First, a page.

Why New York’s COVID-19 vaccine rollout stalled and how to fix it

Why New York’s COVID-19 vaccine rollout stalled and how to
fix it 1

If you live in Florida or Texas, and you’re 65 or older, you can get in line for a COVID-19 vaccine at a mall, stadium or drive-thru center. You may have to wait hours, but being in line is better than being in the dark. That’s where most New Yorkers find themselves: desperate to get vaccinated, with no way to sign up. It may be months before they can. Other states are failing, too.

The first vaccines were shipped to the states Dec. 13, but most are sitting on shelves unused, while some 2,600 people a day die from the novel coronavirus nationwide. State and local officials, including Gov. Cuomo and Mayor de Blasio, are showing a depraved indifference to life as they play politics over who gets vaccine priority.

The public should demand that these officials open up mass vaccination centers and get lifesaving shots into our arms.

De Blasio is boasting that 1 million Gothamites will be vaccinated by the end of January. But as of Monday, only a handful of sites have been opened — for health workers only.

The mayor says he plans to send an e-mail to city employees asking them to volunteer to administer the vaccines. De Blasio should be asking Cuomo to call in the ­National Guard to set up and operate vaccination sites. West Virginia, Ohio and Maryland are already using the guard and turning armories into vaccine clinics. Hizzoner should be treating vaccination like a D-Day invasion in the war against the virus.

That’s how the city responded to the challenge of smallpox in 1947. With no warning, smallpox — a deadly disease thought to have been eradicated — was brought to New York by a sick traveler. All it takes to spread smallpox is a cough, sneeze or touch, just like COVID-19. Back then, the city Department of Health swung into action and vaccinated more than 6 million residents in one month. First come, first served. And it worked. Only two New Yorkers died.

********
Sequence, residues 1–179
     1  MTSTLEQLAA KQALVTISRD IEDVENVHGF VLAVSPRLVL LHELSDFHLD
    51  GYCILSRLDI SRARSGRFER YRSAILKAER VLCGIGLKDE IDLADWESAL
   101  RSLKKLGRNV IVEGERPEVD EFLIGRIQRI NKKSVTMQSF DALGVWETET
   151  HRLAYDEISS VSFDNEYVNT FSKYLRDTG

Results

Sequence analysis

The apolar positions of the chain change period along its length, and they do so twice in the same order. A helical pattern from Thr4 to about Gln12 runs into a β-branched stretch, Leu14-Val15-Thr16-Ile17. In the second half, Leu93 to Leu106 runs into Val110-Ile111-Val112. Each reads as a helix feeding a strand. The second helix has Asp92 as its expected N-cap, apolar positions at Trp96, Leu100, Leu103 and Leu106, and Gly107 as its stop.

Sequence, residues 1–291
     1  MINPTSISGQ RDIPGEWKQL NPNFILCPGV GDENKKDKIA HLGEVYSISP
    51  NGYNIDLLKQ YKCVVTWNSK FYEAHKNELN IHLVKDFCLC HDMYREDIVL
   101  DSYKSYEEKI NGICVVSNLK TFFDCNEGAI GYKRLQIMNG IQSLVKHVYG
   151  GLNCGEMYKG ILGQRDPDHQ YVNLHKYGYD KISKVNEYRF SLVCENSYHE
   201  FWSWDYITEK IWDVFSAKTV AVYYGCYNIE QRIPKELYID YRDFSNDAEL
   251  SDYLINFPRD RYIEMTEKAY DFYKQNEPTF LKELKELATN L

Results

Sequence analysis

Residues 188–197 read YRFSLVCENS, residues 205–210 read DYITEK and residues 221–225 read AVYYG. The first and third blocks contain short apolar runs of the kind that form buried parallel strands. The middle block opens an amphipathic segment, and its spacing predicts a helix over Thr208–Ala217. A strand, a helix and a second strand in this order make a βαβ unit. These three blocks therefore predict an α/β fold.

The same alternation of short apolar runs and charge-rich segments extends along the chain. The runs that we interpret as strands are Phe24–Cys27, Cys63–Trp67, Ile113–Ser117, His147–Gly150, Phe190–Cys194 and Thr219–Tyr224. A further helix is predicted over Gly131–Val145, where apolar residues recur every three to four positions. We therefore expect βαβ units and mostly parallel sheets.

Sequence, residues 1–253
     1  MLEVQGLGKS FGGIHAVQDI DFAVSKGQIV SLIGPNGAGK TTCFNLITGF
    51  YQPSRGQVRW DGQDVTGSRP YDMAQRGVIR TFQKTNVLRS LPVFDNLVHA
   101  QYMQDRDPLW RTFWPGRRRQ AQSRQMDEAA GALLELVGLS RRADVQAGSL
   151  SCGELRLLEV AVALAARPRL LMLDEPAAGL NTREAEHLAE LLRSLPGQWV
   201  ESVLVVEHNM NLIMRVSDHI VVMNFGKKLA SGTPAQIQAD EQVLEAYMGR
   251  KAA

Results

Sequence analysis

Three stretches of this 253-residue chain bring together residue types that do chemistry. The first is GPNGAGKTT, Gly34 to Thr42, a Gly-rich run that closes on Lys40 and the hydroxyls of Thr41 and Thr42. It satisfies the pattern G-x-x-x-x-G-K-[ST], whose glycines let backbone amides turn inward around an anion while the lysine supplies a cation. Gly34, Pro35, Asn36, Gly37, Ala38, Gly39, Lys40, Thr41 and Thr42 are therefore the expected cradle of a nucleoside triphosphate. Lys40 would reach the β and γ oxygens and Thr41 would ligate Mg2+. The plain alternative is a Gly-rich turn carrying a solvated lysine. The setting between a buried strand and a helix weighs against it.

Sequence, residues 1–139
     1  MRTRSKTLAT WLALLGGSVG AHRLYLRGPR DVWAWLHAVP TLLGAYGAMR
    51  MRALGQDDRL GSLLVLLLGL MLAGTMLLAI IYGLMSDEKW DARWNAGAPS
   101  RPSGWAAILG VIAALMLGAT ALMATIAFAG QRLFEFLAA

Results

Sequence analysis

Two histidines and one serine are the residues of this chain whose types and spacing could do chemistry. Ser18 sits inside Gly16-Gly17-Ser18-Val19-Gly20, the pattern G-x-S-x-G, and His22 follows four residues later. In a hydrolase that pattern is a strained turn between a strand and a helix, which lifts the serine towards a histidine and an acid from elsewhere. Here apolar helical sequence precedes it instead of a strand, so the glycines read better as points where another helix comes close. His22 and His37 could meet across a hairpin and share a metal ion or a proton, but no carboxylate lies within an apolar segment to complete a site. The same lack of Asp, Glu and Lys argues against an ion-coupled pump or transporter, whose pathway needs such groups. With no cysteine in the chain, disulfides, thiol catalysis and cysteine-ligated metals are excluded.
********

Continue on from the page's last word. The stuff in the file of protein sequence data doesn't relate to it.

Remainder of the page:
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Compare that to the thousands expected to die in the coming months because they couldn’t get the vaccine.

De Blasio says the city would be moving faster if the state loosens regulations on who can receive the vaccine. He has got a point. Right now, the state is limiting the vaccine to health workers and long-term-care residents, and next in line will be “essential workers” — mostly from unions — and people over 75. That means seniors ages 65 to 74 and adults with critical health problems will wait several months.

The Cuomo administration is adamant about that schedule, even though two-thirds of vaccines are unused.

That’s a mistake. States doling out vaccines in tiny increments are letting people die needlessly and delaying herd immunity, when enough people are vaccinated to stop the virus.

The invasion of a new, more contagious strain of COVID is another reason to vaccinate widely, advises former FDA Commissioner Scott Gottlieb. It’s likely to become the dominant strain, increasing everyone’s risk. It has now been identified in New York. Gottlieb advises “moving more quickly into a general vaccination program” for people 65 and up.

Will Cuomo listen? He has shown a callous lack of interest. When the Centers for Disease Control and Prevention requested a vaccine rollout plan, New York sent in 86 pages of blather: no specifics on where the shots would be given or who would administer them when hospital staff are ­already stretched. Yet we have known for months the vaccines were coming.

Of course, when the Buffalo Bills made the playoffs, Cuomo jumped into action, charging the state to produce a precision plan to open the stadium at limited ­capacity. Meanwhile, next Saturday, when the Bills play, another 150 New Yorkers will likely die from COVID-19.

New Yorkers should be in open revolt and screaming bloody murder about the vaccination delay. Because that’s what it is.

Betsy McCaughey is a former lieutenant governor of New York.

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